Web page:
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The current Mazdaspeed6 has good performance, an attainable price point, and aggressive (if slightly homely) looks, but it hasn't exactly set the world on fire on the showroom floor. Part of the problem is that car buyers can get 268 hp Camrys and Accords with near-equal performance and superior fuel economy. The Speed6 weighs as much as a Sherman tank, too. We were hoping that the next edition of the Speed6 would succeed where the current generation didn't, but it doesn't look like there will be a next time. Mazda6 program manager Ryuichi Umeshita points out that the next 6 will be larger in the US than in other regions, which means Mazda would be paying for two different development programs. Any Speed6 would play for a smaller audience too, since the US edition would need different tuning than Europe/Australia and vice-versa. In the end, Umeshita basically said that he doesn't see big enough potential demand to make a Speed edition worth Mazda's time and money.
On the bright side, even though the next Mazda6 will be roomier and more refined than the model it replaces, it will also likely keep its zoom zoom character. The brilliant engineers at Mazda took an MPS minivan platform and created the large yet fun to drive CX-9, so it's fairly safe to expect good things of the next 6. Besides, if Mazda can wrestle from Ford the same 273 hp 3.7L V6 used in the CX-9, then any turbo talk will likely be in-material anyway.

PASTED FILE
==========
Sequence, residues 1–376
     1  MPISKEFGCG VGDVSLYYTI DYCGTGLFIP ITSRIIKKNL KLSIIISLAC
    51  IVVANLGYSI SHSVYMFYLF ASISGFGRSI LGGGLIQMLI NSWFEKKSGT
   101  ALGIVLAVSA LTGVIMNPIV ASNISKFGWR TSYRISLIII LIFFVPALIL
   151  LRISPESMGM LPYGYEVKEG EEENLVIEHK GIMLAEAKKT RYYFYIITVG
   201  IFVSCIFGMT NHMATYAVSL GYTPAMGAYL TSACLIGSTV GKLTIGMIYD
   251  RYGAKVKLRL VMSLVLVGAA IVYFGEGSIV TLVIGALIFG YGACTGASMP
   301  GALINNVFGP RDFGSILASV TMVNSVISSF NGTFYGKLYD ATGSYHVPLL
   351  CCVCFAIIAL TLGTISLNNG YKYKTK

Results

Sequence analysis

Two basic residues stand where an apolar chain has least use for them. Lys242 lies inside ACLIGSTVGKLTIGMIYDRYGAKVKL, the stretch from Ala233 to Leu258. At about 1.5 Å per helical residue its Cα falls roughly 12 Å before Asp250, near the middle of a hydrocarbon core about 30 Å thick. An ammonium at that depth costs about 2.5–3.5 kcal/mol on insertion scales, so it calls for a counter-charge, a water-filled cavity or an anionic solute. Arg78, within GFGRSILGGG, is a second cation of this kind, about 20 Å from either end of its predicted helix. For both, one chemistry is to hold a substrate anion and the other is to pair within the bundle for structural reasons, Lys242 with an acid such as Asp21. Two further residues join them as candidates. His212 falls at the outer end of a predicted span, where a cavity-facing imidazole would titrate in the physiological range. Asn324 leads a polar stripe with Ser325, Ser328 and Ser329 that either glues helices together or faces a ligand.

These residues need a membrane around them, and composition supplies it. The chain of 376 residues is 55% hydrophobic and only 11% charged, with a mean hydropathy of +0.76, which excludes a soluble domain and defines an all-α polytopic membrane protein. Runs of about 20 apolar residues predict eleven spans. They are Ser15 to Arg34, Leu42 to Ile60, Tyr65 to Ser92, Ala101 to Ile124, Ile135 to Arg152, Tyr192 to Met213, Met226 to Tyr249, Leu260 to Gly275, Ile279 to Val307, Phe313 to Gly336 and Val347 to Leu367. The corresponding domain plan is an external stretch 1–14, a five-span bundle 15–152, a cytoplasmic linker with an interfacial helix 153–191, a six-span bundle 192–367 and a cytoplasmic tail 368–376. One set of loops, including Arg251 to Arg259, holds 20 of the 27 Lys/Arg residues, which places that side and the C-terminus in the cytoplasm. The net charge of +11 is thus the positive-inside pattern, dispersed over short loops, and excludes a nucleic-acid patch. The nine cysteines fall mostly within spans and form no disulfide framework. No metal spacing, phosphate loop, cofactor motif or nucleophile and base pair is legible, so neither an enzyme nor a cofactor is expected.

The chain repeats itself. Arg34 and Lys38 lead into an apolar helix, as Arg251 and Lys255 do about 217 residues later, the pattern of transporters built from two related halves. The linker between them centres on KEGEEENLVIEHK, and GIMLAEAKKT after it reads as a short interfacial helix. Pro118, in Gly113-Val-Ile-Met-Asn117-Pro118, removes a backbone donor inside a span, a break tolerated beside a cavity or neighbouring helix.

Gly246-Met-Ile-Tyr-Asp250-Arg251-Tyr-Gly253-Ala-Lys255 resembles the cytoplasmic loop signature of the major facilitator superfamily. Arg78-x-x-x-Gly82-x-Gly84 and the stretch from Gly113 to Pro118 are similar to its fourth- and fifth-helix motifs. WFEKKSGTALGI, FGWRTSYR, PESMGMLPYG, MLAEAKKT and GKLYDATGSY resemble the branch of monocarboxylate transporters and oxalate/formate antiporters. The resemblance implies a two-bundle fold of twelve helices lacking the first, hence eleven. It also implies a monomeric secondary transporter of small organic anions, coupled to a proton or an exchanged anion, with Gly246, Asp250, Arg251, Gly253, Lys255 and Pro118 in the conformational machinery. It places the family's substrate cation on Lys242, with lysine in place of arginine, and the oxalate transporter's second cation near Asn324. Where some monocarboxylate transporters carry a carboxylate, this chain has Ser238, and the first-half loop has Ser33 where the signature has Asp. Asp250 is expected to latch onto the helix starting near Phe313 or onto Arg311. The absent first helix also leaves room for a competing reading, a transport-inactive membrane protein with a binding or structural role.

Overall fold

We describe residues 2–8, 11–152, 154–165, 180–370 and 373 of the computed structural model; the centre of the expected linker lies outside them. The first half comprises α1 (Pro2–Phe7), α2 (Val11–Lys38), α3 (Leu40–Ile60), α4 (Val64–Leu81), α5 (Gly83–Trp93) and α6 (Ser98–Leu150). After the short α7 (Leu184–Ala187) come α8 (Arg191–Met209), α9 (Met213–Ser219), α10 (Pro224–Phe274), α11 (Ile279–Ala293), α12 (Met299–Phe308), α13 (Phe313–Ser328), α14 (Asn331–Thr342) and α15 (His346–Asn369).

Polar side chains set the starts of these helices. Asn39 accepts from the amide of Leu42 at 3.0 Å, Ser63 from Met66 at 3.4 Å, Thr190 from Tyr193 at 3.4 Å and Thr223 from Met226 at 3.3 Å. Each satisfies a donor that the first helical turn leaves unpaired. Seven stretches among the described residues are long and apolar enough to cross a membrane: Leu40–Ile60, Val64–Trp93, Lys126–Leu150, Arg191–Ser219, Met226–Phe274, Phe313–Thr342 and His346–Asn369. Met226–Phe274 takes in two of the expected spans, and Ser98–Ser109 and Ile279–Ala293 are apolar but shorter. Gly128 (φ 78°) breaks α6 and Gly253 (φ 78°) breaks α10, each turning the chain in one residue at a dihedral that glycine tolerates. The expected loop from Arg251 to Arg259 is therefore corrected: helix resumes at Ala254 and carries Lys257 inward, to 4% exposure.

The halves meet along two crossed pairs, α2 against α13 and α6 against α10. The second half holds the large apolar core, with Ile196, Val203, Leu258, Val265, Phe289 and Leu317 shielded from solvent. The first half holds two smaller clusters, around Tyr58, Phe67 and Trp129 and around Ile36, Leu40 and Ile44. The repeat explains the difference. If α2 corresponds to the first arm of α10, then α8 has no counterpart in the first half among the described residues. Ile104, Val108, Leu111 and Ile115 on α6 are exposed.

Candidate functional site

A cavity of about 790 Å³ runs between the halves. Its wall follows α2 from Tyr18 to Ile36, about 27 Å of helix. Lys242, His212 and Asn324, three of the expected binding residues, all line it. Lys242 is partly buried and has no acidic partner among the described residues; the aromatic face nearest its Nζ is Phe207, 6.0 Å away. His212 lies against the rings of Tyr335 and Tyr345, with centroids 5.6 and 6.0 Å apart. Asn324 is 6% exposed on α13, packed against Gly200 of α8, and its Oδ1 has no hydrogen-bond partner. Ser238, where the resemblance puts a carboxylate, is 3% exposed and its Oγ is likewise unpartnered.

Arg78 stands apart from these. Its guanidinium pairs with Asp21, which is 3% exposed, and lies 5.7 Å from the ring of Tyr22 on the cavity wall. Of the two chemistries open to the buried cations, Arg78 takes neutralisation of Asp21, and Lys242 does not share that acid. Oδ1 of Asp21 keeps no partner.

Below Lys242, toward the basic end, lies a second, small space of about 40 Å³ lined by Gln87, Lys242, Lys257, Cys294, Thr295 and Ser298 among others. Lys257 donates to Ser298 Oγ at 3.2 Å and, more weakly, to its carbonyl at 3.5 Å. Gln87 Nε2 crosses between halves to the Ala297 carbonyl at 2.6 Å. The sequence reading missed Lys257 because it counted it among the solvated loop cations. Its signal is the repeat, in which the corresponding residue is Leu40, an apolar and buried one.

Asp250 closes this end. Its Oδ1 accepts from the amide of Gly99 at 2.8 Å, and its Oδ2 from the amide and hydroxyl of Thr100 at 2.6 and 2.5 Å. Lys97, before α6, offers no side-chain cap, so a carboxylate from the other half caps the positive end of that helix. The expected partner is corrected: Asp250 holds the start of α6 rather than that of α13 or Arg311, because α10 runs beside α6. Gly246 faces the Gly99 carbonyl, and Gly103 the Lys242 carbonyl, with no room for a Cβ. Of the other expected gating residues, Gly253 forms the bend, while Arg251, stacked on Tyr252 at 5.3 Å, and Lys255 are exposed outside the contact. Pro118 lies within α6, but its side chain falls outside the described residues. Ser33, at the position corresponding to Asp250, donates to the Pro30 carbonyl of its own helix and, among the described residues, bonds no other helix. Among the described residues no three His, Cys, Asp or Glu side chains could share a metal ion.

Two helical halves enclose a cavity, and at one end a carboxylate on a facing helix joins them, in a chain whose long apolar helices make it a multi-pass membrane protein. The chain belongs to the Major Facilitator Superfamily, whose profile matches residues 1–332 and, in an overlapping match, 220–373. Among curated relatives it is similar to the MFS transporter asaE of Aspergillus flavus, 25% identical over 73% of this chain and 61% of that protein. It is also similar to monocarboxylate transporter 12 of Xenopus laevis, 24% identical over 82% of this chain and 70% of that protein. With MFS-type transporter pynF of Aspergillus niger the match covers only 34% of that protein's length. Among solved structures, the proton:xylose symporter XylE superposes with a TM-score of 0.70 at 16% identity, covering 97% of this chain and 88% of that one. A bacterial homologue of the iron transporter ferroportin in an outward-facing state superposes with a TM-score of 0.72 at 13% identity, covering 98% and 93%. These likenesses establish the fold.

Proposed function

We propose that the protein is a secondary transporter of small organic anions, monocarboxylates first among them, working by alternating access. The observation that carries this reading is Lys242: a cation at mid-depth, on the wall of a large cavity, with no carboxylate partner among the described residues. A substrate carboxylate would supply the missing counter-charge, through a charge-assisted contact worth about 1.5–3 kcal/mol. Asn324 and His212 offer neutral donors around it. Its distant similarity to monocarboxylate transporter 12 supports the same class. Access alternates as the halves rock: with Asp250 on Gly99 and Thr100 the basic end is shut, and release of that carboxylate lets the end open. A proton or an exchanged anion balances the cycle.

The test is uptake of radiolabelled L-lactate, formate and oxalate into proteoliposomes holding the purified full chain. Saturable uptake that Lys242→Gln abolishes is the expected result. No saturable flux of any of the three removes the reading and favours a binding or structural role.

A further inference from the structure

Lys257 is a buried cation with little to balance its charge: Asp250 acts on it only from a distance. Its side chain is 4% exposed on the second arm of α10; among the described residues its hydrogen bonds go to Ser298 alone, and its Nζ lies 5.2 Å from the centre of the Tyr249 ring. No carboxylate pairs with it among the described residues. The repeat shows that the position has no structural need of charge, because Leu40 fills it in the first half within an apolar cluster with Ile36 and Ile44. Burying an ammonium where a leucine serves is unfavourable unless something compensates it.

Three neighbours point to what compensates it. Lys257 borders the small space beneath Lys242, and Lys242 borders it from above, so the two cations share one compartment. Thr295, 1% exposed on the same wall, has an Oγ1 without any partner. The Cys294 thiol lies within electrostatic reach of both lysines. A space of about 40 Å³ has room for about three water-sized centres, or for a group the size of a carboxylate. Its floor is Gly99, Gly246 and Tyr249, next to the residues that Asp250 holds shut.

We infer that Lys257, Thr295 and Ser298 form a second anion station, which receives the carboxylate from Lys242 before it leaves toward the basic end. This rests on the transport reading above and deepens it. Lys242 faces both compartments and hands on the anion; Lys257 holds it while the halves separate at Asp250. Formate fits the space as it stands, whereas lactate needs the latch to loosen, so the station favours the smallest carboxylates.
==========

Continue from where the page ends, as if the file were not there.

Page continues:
[Source: GoAuto via Motor Authority]

Actual article:

Glory without power: Sleek new Mazda6 will arrive without a halo model.

Program manager pours cold water over the prospect of an all-new Mazda6 turbo.

HE future of the Mazda6 MPS high-performance model has been thrown into doubt, with no plans for the time being to offer such a version in the new second-generation line-up.

The turbocharged MPS will be discontinued when the new Mazda6 is launched in Australia in March and may never return because the Japanese car-maker is not convinced there is enough demand for such a model.

Australia is a major market for the 6, but MPS sales have not been strong – at least in part because the mechanically identical but lighter Mazda3 MPS puts it in the performance shade, and also because the 6 does not come with an automatic transmission.

Mazda6 program manager Ryuichi Umeshita is aware of these problems, as well as the loss of potential sales volume caused by the United States going down its own development path with a slightly larger version of the 6, though still based on the same platform.

Mr Umeshita said he doubted it would be possible to invest in a new MPS and a suitable automatic transmission just for Australia and Europe.

“We will see if there is a big enough requirement in the market,” he told GoAuto at the Mazda6 launch in France last week.

“We will seriously consider this, but honestly speaking we don’t see that.

“As the program manager of Mazda6, we don’t want to be overtaken by Mazda3. We need to have some differentiation. The Mazda3 MPS is a great vehicle, but the Mazda6 needs to be different."
 
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